After college he hopes to travel to see farms in the likes of New Zealand and the USA.
‘My father is turning 50 this year and my youngest brother is nine. I’ll be 32 by the time he’s finished college! With this in mind I’d like to expand the farm to support two families.’
Patrick Burke | Timoleague
PATRICK Burke went from helping out on the family farm, to running it com- pletely after his father suffered a fall that saw him out of action for a time.
He was ‘thrown in at the deep end,’ but he hasn’t looked back.
In fact, the 32 year old is very much focused on the future with ambitious plans to expand the herd and develop the farm’s infrastructure.
After school, Patrick studied Transport Management in CIT, while also working as a duty manager in Inchydoney Lodge & Spa.
‘I decided to bite the bullet and go back to college at the age of 25 in 2015 and do the Advanced Dairy Management course in Clonakilty Agricultural College.
‘Then my father had a fall in August 2018. At the time I working in the hotel while running the farm, but I came on board full-time to concentrate on the farm’s future,’ he explained.
In 2019, he went into partnership with his parents Vincent and Teresa.
‘We are now milking 40 pedigree Hostein Friesian dairy cows with followers kept on farm. The cows did 507 kg/ms in 2021 with 54% of the herd second lactation and below. We’re supplying Barryroe Co-op with a liquid milk con- tract and that milk in turn goes to Carbery in Ballineen for cheese production.
Cows are fed an average of 1.1 tonne of meal a year,’ he said.
Significantly, Patrick was in the top 12 suppliers in the co-op for the last two years running and was also in Animal Health Ireland’s Top 500 cell check awards in the country for 2019/2020.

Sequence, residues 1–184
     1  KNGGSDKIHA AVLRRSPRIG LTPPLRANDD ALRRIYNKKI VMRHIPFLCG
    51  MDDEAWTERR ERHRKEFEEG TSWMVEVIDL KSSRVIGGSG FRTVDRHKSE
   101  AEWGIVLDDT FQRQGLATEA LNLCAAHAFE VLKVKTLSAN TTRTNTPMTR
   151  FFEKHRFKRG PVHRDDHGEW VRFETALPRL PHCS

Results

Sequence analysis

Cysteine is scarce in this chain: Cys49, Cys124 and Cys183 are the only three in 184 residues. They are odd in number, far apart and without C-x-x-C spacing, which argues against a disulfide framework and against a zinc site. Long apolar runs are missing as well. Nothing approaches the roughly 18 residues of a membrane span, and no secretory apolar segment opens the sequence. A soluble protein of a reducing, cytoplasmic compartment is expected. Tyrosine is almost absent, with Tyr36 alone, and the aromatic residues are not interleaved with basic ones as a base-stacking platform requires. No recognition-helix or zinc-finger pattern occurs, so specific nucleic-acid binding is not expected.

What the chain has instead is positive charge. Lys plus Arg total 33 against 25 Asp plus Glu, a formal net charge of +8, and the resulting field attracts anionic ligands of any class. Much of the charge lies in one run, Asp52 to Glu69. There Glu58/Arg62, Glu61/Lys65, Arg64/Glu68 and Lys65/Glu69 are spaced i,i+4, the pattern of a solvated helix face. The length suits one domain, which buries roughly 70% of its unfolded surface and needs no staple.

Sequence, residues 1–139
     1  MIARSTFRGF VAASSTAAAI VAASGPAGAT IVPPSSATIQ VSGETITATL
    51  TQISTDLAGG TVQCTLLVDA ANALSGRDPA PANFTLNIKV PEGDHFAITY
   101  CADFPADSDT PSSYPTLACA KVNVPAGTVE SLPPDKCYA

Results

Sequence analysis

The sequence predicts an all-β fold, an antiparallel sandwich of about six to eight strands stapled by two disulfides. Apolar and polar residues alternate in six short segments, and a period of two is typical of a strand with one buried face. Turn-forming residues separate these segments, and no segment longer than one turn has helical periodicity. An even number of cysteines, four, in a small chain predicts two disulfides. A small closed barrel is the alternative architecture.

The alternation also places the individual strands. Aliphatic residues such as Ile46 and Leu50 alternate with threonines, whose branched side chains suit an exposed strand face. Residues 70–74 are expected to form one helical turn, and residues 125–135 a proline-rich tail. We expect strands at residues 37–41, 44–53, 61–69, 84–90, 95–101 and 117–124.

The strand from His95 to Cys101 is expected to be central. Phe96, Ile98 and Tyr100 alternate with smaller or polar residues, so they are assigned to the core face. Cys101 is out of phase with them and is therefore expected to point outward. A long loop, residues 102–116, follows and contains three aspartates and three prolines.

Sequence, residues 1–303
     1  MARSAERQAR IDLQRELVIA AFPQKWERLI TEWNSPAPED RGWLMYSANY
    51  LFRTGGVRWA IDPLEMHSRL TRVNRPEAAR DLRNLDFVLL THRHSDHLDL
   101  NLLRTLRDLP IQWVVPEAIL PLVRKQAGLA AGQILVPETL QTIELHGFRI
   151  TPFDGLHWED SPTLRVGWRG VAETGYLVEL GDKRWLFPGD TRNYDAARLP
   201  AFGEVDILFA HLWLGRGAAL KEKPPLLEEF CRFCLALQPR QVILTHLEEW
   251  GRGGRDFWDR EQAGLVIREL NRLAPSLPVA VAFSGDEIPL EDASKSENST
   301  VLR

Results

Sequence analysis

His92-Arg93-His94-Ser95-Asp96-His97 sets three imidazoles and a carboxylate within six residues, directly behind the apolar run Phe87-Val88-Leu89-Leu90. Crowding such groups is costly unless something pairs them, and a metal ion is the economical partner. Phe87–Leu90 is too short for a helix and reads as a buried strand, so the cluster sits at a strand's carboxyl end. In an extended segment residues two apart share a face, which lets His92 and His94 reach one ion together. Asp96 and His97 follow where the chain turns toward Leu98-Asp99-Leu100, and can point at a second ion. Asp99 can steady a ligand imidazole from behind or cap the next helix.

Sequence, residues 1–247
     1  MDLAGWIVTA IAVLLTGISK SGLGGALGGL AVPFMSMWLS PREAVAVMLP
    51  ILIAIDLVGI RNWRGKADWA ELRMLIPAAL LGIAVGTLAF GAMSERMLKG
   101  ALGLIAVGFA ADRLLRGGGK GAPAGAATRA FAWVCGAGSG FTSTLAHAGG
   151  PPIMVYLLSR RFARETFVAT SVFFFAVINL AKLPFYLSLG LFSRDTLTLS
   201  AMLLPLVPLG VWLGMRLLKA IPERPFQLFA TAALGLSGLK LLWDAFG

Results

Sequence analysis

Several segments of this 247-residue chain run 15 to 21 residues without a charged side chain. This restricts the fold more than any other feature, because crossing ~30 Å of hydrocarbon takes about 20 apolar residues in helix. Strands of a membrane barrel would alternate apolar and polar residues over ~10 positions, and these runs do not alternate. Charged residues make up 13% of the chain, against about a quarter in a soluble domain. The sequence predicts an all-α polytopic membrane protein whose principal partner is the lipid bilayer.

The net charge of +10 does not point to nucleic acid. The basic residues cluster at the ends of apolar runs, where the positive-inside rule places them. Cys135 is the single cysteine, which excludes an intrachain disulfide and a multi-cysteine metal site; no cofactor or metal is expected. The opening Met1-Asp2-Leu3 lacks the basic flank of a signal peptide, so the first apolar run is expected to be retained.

Investments include a new dairy, and new a Mueller 6150 litre bulk tank.
‘Next year we hope to get going on a new cubicle building with extra cubicles for more cow comfort and extra slurry storage to make full use of the natural fertiliser. We also plan to grow the herd to 55 over the next two years.’
As a young farmer, he knows nothing only sustainable farm practices.
‘In terms of the environment we are using as much protected urea that we can to save on emissions from nitrates to the atmosphere.
‘All slurry produced on the farm is spread with LESS, be it umbilical system or trailing shoes. We also try to promote the growth of clover in newly reseeded paddocks.
‘We soil test annually, trees are plant- ed annually and hedges are maintained on a tri-yearly basis before the bird nesting season.’
Patrick is also very involved in his local GAA club, Argideen Rangers.
‘In the last two years we have done fundraising for Pieta, Clonakilty Community Hospital and the local churches, with one event raising nearly €20,000.’
Stewart Jennings | Leap
EVEN though Stewart Jennings didn’t grow up on a farm, it’s in the Leap man’s DNA.
His grandparents on both sides were farmers, and by the time he was only 22 years old he was already renting land, and had purchased his first animals.
After completing a degree in agriculture in the UK in 2013, he didn’t waste any time in getting himself established.
‘In 2014, I rented my first piece of land and I bought some calves and a few suckler cows. Slowly, I built up numbers over the next few years to 25 suckler cows and 30 dairy bred calves and 50 acres of tillage,’ said Stewartt (30).
By 2018 he was ready to make major strides forward and took on a lease on a dairy farm in Leap.